Sunday, February 24, 2013

Holy Crap, I'm in India....

So, I've been here two months and I've had no problems. I haven't been sick, robbed, or anything I feared prior to coming which is mostly due to my living conditions. I live on a beautiful campus with clean water and bathrooms and I have a native with me anytime I leave campus to work; so, I would have to make a real effort to get in any sort of trouble.

I went on this field trip the other day and I think I'm still in shock. It was a 12 hour trip through rural Tamil Nadu to help research out some new leprosy colonies and do shoe measurements for the patients. You can only imagine the anxiety I was feeling prior to going. The colonies we visit regularly have pretty bad ulcers that go untreated- remember the maggots? I could not even imagine what kind of wounds we were going to see when we got to these colonies who have ZERO medical treatment. To make things more stressful it was just me and the medical team who have very limited English.

The craziness of this trip began once we drove out of my familiar territory. I drive about 2 hours a day to and from colonies and I've started to memorize the area around campus, so I have felt very comfortable on the crazy roads and the landscape. I got really lost about 2 and a half hours into the trip. We were on the largest highways I have seen and I felt like I was in India for the first time all over again. I had NO idea where we were going because everyone I was with didn't speak English. It was a very quiet trip for me...  I must have had my mouth open for most of the trip in shock because the nurses kept asking me what was wrong (even though they couldn't even understand my answer). We drove through fields full of burning garbage, power plants that have been flooded and were still functioning? We got off of the highways and were on dirt road through sewage swamps and towns selling fish. You can only imagine the smells. That's the kind of India I was expecting to see but where I live is relatively clean and I didn't realize it.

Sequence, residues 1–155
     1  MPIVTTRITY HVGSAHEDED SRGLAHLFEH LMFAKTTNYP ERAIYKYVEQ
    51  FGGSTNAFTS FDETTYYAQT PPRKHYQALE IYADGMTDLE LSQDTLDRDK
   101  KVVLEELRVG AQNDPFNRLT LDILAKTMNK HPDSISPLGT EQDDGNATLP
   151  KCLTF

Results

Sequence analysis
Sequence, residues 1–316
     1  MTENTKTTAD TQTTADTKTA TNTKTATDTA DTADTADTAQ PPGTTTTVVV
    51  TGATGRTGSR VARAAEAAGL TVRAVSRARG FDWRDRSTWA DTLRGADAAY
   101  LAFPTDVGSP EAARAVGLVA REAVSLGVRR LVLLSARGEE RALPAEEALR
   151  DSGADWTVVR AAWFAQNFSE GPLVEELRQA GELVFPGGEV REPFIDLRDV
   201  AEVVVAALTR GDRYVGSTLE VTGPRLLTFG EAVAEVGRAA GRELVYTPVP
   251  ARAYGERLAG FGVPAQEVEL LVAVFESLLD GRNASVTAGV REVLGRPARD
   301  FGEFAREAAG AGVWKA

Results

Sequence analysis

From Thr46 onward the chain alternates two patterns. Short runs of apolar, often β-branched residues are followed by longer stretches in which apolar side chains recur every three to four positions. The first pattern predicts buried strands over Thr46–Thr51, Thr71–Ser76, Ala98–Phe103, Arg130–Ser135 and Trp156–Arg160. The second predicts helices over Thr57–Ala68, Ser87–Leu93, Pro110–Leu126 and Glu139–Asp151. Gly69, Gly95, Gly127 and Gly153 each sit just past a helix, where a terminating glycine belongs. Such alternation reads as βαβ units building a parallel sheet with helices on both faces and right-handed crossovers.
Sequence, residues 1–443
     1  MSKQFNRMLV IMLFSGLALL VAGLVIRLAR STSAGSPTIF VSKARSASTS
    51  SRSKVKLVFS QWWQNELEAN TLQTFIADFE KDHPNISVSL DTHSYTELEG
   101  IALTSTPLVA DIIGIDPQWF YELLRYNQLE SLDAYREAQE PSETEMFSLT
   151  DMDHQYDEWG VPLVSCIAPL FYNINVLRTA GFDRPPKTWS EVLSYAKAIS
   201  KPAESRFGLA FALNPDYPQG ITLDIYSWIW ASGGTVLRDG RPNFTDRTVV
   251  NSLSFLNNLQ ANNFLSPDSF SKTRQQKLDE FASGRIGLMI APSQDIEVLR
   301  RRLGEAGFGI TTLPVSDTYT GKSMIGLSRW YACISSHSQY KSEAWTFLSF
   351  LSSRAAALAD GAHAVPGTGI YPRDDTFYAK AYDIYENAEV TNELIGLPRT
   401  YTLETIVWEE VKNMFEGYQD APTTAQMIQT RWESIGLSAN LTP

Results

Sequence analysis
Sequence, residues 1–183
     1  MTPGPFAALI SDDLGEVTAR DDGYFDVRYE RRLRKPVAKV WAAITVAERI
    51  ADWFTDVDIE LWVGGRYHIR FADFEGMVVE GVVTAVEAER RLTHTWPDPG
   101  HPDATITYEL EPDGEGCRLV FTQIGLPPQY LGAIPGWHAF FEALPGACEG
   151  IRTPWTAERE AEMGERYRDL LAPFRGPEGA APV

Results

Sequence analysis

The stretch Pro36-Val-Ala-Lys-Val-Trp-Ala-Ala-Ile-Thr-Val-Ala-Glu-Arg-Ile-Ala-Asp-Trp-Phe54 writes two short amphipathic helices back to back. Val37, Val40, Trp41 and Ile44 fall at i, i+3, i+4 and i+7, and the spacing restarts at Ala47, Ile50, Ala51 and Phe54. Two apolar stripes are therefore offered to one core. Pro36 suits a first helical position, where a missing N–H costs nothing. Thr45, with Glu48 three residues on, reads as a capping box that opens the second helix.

Here's a video of the garbage fields. This is small in comparison to the mountains burning before it but I think it gives you an idea.